Median home value: $161,700

Average two-bedroom rental price: $832

Unemployment rate: 2.4%

Public school score: B+

This is by far the most spirited and quirky town to make our list. This small Wisconsin city boasts high-paying jobs, a great university, a low unemployment rate, and a very low cost of living.

Eau Claire’s biggest employers include Menard, Inc., Mayo Clinic, Sacred Heart Hospital, and United Healthcare, but you’ll also find this town bustling with young artsy energy from students at the University of Wisconsin – Eau Claire.

Known for its independent and artistic spirit, Eau Claire is a haven or creatives, entrepreneurs, and lovers of community. Music enthusiasts will love Eau Claire’s festival scene, which includes the Eau Claire Jazz Festival, Blue Ox, Country Jam USA, and Rock Fest. Expect to find food trucks, great breweries—like Modicum, Lazy Monk, and Leinenkugel’s (just down the road in Chippewa Falls). If you’re looking for a place where you can find an eclectic community and dig in, Eau Claire is the spot for you.

Outdoor enthusiasts will be pleased to learn that the city sits between the Chippewa and Eau Claire Rivers, so there are always plenty of river activities to be enjoyed. Visitors can enjoy chic hotels like The Oxbow Hotel and The Lismore.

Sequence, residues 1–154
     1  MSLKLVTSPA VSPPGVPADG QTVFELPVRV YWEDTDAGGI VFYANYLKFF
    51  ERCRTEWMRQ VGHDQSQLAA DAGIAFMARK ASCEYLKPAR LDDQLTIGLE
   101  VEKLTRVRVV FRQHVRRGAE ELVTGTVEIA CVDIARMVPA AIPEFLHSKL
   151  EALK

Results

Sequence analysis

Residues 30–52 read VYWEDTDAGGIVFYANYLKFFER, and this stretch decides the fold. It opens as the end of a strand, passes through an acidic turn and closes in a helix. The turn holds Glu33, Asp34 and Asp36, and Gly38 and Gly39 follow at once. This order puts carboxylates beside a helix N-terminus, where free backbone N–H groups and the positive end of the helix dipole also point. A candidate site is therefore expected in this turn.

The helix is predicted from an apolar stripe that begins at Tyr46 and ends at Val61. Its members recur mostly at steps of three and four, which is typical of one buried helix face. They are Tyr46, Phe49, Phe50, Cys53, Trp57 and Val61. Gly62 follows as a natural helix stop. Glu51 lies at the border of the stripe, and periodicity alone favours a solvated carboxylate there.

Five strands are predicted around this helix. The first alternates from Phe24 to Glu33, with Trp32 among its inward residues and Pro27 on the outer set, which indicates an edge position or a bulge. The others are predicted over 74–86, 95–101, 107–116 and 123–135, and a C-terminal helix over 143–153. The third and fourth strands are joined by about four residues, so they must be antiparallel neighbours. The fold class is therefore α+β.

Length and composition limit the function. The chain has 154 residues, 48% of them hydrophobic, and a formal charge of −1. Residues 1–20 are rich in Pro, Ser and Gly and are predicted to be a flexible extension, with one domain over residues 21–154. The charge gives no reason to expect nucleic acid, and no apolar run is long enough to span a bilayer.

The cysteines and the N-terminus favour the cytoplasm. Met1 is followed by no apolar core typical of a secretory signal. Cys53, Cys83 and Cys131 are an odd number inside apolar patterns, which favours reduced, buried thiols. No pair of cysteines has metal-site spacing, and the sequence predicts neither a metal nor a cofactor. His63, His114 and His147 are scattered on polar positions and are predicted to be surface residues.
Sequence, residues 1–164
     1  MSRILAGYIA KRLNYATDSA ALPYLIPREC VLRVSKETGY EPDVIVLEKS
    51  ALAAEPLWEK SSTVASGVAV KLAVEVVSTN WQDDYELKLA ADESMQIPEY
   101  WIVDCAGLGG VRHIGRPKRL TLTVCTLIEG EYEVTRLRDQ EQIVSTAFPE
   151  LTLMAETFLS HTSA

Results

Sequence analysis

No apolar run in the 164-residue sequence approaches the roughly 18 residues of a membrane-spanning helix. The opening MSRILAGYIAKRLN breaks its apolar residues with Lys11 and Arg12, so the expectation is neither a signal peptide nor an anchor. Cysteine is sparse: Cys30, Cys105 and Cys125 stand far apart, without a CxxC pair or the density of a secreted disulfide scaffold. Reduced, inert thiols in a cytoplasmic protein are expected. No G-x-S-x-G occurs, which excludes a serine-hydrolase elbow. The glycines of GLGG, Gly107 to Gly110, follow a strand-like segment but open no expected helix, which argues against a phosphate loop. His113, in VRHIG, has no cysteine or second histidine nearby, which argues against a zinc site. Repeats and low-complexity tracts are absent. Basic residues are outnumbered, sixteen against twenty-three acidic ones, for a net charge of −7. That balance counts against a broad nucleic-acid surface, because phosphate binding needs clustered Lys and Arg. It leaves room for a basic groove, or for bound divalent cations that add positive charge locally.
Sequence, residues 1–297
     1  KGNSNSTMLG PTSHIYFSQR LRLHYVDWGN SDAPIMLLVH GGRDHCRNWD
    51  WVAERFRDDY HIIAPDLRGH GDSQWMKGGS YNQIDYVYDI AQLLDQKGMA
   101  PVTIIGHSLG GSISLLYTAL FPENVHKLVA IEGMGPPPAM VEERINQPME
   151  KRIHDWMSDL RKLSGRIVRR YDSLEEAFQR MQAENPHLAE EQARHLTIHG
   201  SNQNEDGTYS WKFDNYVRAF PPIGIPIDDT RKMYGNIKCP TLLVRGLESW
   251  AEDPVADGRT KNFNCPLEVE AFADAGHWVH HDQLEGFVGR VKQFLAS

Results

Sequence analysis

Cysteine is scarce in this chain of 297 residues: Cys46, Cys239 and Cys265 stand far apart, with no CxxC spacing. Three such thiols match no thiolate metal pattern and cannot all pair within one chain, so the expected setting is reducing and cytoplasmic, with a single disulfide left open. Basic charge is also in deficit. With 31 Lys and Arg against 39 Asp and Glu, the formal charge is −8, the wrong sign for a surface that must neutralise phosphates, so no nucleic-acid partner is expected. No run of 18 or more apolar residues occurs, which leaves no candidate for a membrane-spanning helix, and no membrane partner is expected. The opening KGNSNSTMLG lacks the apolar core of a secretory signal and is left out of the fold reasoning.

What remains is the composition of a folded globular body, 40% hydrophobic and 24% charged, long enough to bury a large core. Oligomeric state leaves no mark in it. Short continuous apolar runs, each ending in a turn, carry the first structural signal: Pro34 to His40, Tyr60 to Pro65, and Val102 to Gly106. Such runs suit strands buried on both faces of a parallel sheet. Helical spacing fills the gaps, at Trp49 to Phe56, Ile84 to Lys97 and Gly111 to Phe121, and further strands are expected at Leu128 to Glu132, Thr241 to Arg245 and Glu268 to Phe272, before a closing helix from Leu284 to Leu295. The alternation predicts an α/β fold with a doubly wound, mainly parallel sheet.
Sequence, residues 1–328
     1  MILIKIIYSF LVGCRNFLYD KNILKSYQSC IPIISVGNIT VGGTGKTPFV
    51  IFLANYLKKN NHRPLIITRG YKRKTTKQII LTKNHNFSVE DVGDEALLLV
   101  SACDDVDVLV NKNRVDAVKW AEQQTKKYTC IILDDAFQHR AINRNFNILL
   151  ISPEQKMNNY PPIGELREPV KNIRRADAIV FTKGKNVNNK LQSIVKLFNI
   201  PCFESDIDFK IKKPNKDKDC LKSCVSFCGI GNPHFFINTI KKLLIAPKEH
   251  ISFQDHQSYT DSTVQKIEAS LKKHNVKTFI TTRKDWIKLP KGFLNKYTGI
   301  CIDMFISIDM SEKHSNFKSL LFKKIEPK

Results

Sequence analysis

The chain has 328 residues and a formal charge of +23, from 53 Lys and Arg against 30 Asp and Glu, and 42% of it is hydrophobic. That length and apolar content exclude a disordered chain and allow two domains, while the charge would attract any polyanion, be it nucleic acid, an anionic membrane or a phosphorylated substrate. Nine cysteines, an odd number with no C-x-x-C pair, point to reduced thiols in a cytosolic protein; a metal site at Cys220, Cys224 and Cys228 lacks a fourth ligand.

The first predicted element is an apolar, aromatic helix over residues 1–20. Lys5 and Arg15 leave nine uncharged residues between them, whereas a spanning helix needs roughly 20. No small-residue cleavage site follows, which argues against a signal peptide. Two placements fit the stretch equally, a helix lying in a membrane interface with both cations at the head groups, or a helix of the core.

Photo by William Sherman

Frederick, Maryland

Median home value: $278,200

Average two-bedroom rental price: $1,322

Unemployment rate: 4.2%

Public school score: A

Simply put, Frederick is beautiful. Its downtown, full of historic church spires and antique charm, is home to a lively arts scene and delightful little eateries. Nineteenth-century row homes line the walkable streets that are dappled with coffee shops and art galleries and antique shops. In the evenings, you’ll find residents and visitors strolling the creek along Linear Park or having a drink at a sidewalk cafe.

Just a short drive outside of downtown will take you through bucolic, rolling pastureland, and beyond that you’ll find beautiful views and hiking trails in Cunningham Falls and Gambrill State Parks.Design enthusiasts will enjoy the The Schifferstadt Architectural Museum, whose structures date back to 1758 and exhibit the best examples of early Colonial German architecture in the country

Design enthusiasts will enjoy the The Schifferstadt Architectural Museum, whose structures date back to 1758 and exhibit some of the best examples of early Colonial German architecture in the country.

Frederick’s largest employer is nearby Army base Fort Detrick, but more jobs can be found in medicine and research at Frederick’s hospital system and Leidos Biomedical Research. Frederick is equidistant from both Baltimore and Washington, DC, (just an hour by car) and public transit friendly to both, so employment opportunities are anything but limited.